Eleanor Clift at The Daily Beast has a great piece about how U.S. Senator Susan Collins’ (R. ME) likes to brag about how she co-authored the Paycheck Protection Program but she doesn’t mention that her top contributors had a lot of influence in her drafting the bill:
Collins acknowledged in a radio interview on Maine broadcaster Mike Violette’s radio show Wednesday morning that she was one of the senators who’d worked to include an exception in the bill that allowed big hotel and restaurant chains to receive PPP money as long as they had fewer than 500 employees “per physical location.”
Noting that the initial draft of the PPP did not have that “carve-in” for chains, Common Cause’s Beth Rotman, an expert in money and politics, told the Daily Beast, “Essentially a combination of wealthy special interests together with well-placed contributors at a critical moment bought a revision to our stimulus package that defined small business as including big business because they owned large franchises made up of hundreds of smaller entities. They were following the law they helped write.”
An examination of contributions to Collins for Senator, and to her leadership PAC, during the first quarter of 2020 reveals $13,000 in contributions in mid-to-late February from the American Hotel and Lodging Association PAC, the Hilton Worldwide PAC, and the International Franchise Association.
Those contributions—a fraction of the money she’s raised is this cycle—came before the PPP bill was under consideration, as the economic damage the virus would inflict became clear in March. After the bill was passed later that month, hotel and restaurant chains of all sizes moved quickly to secure the forgivable loans, sparking public outrage. A Pennsylvania investment firm that owns the Ritz-Carlton Coconut Grove in Miami applied for as many as 48 of the taxpayer-backed loans, according to the Orlando Sentinel.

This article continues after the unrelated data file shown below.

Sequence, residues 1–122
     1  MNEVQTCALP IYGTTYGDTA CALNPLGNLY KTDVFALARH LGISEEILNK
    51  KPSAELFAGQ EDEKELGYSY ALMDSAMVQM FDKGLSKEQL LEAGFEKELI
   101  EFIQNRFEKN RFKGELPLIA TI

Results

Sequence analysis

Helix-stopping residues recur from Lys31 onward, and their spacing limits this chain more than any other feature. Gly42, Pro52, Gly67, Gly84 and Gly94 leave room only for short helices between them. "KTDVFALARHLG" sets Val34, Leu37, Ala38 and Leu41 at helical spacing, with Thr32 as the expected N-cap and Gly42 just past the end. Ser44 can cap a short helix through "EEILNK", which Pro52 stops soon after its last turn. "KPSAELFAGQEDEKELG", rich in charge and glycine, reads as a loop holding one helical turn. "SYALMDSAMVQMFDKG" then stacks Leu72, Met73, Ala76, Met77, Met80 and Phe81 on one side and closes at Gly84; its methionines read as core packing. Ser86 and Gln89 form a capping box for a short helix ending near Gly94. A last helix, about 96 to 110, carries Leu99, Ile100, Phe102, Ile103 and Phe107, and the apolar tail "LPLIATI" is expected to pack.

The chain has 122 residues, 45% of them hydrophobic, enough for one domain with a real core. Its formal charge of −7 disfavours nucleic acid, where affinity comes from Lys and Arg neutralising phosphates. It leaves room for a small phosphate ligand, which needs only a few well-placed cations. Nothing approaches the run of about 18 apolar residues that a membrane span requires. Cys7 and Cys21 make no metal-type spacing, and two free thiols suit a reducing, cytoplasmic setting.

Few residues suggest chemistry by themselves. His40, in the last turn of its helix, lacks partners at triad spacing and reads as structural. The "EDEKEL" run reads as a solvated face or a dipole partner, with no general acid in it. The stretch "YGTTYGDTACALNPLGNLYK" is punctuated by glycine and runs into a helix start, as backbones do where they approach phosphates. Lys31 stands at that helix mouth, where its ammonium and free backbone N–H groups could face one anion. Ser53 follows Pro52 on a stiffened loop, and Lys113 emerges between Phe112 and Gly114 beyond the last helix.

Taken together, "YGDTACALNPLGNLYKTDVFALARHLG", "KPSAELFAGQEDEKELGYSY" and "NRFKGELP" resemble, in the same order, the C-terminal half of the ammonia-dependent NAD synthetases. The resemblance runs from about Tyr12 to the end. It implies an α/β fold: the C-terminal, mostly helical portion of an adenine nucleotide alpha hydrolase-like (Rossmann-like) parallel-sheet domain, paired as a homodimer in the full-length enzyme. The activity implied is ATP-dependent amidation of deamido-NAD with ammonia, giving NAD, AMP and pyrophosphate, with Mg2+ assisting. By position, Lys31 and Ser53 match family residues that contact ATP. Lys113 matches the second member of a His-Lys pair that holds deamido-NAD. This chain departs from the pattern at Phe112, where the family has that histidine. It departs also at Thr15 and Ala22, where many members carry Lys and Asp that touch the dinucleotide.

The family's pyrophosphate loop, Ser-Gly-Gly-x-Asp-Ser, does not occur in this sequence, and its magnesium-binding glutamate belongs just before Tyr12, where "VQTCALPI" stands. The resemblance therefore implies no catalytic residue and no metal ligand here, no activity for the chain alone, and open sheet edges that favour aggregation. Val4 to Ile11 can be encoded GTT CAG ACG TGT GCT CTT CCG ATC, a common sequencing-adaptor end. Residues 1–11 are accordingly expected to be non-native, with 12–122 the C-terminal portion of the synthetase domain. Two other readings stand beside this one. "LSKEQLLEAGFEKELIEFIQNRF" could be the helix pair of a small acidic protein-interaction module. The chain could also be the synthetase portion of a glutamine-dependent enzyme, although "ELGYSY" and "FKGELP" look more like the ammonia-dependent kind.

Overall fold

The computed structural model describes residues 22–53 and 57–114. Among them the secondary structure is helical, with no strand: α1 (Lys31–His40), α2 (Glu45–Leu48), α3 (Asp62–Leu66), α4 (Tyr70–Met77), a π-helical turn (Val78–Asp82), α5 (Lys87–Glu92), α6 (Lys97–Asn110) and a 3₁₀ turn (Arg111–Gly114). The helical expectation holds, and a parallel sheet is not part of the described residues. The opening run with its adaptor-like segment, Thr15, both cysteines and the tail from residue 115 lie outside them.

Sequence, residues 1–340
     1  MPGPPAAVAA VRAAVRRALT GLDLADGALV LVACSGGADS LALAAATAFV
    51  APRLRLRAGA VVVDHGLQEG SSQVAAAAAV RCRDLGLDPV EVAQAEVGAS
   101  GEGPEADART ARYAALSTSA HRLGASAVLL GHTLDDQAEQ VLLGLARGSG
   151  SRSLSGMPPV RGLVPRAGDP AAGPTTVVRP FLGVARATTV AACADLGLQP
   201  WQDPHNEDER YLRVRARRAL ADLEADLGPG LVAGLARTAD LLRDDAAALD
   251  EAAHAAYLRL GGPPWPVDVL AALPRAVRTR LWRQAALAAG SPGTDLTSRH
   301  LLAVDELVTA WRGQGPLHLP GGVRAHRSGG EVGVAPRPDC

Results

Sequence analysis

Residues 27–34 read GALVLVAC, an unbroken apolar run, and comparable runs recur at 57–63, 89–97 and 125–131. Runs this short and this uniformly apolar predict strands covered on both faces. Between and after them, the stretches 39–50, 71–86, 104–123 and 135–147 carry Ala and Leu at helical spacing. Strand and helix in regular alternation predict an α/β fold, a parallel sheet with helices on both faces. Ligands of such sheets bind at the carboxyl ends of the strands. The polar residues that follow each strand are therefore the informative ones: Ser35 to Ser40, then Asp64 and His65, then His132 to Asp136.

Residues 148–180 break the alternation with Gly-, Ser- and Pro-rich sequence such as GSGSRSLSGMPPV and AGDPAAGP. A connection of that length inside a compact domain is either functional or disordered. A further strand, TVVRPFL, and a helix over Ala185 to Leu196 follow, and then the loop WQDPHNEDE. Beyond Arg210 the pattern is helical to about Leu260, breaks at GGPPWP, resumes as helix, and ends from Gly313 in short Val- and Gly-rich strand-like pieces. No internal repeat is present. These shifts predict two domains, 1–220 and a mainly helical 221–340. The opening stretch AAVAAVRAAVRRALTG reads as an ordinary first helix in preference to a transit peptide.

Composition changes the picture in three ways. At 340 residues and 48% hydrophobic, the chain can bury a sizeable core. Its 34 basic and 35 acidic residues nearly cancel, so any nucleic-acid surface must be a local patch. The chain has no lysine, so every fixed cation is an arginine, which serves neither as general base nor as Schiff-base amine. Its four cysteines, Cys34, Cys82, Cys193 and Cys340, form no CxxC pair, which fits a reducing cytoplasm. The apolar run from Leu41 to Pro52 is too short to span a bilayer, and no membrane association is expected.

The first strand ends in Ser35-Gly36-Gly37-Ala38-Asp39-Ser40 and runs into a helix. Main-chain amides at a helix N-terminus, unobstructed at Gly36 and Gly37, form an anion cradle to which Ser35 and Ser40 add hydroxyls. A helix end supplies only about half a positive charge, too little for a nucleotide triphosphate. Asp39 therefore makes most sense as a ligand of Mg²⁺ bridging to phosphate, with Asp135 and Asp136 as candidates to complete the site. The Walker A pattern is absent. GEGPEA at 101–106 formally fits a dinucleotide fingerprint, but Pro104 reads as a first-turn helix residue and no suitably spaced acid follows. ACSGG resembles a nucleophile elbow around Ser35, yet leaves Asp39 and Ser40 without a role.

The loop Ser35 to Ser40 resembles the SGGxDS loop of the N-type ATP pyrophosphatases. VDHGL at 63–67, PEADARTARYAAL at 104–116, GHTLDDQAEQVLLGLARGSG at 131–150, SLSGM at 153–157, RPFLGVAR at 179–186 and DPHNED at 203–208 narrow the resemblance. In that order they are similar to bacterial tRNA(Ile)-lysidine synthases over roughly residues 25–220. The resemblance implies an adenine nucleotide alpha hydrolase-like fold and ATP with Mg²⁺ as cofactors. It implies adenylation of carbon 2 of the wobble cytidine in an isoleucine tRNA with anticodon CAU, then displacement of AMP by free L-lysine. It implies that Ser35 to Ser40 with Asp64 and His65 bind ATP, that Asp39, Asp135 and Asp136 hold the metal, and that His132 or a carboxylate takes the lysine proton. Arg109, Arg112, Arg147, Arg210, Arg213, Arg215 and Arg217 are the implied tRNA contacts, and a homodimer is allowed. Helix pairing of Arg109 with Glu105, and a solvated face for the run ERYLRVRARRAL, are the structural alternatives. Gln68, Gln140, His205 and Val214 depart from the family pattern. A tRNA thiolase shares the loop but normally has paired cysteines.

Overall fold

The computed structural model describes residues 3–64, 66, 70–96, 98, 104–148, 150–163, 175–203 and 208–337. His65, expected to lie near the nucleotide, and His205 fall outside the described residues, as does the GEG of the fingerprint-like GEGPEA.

At the end of April, the CEO of the American Hotel & Lodging Association co-wrote an op-ed for the Bangor Daily News with the CEO of Hospitality Maine, declaring that “Maine hoteliers, and the industry at large, are lucky to have Collins advocating on our behalf” and stopping just short of endorsing her re-election bid as Maine’s tourist industry struggles to adapt to COVID-19.
Clift acknowledges that while the hotel industry has been hit hard during the pandemic, the problem with Collins language is it allowed franchises and chains like Shake Shack and the Los Angeles Lakers to take in money from the program rather than going to the businesses that really needed it. Collins top opponent, Maine House Speaker Sara Gideon (D. ME), has been making Collins and the federal government’s response to this crisis an issues in this race:
Let’s give Collins the boost. Click here to donate and get involved with Gideon’s campaign.